Tips for new teachers
Updated: Oct 26, 2022
Hello edumagicians, welcome to episode 32 of the edumagic podcast. Let's jump into the tips for new teachers. Here we go, in no particular order!
Take time for you
I just reread the book Juggling Elephants; it helps you complete your to-do list. The author talks about being the ringleader of your own 3 ring circus. The gist is that you have 3 rings in your circus, each of which has different acts.
Professional ring for you it might be teaching or school. For example, you could have the different subjects you teach, the committees you're on, or projects you're working on.
Personal ring what are things you're going to invest in yourself? Put things that help fill you up as as as a person. You can put that in there, whether it be writing poetry, listening to music, bingeing your favorite show on Netflix, working out, or making time to meal prep or something.
Relationships ring where family, friends, and loved ones come into play. This is where you put all of your connections.
Stay late or go in early
Either stay late or go or go in early and don't do both. Whenever I was a first-year teacher, I would be in at 7:00 am I think school started at 7:45 am, and I would leave at like 4:00 PM or 5:00 PM. Friends, please don't do that - pick one or the other. You don't want to burn out. By choosing one or the other, then, you're making time for relationships, and you're making time for yourself as well. Bonus tip: When you go to school, choose what you're going to work on for that time and prioritize your list of things you need to do and get them done.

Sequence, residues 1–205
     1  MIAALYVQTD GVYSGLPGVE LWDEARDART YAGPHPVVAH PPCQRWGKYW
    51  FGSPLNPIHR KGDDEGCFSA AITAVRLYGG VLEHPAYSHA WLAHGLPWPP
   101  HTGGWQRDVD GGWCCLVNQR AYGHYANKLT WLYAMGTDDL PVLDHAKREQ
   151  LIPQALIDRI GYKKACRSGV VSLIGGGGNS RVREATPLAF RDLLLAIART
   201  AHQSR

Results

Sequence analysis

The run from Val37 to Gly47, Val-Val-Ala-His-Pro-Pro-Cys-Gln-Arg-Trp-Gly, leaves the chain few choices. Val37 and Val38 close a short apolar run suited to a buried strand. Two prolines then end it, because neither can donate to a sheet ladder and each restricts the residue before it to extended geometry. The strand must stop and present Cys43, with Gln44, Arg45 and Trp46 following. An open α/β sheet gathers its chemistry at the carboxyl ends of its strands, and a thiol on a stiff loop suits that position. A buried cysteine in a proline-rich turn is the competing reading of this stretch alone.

Keep the learning going
Just because you have a degree or a diploma doesn't mean learning has stopped. Personal and professional growth is important for becoming an educator of excellence. There are so many ways for you to engage in professional development. For example, events at your school or school district, listening to podcasts, attending webinars from simple k12 or edweb, and reading articles from Edutopia, EdWeek, or Chronicle of Higher Ed.
Finding ways for you to hone in on your craft and become better and better each day is what our kids deserve. For example, I went back to school while teaching, which was tough. Before returning to school, I clearly understood why I was returning. I was going to be a better teacher and invest in myself. I could reach my students in new ways by learning more techniques and honing in on a specific area I'm passionate about. It was really neat going back to school for my Master of Education because I could immediately incorporate what I learned into the classroom. Bonus tip: sometimes, depending on the school district that you're in may help pay your way a little bit.
Remember just because you get a diploma or degree doesn't mean you're learning stops. It shouldn't stop you should always be continuing to learn.
I am a huge advocate of having a professional learning network. Having a PLN has truly helped me become the professor I am today. I can connect with educators worldwide to find specific strategies and tools they use with their students in real classrooms. You can find other episodes related to this topic here: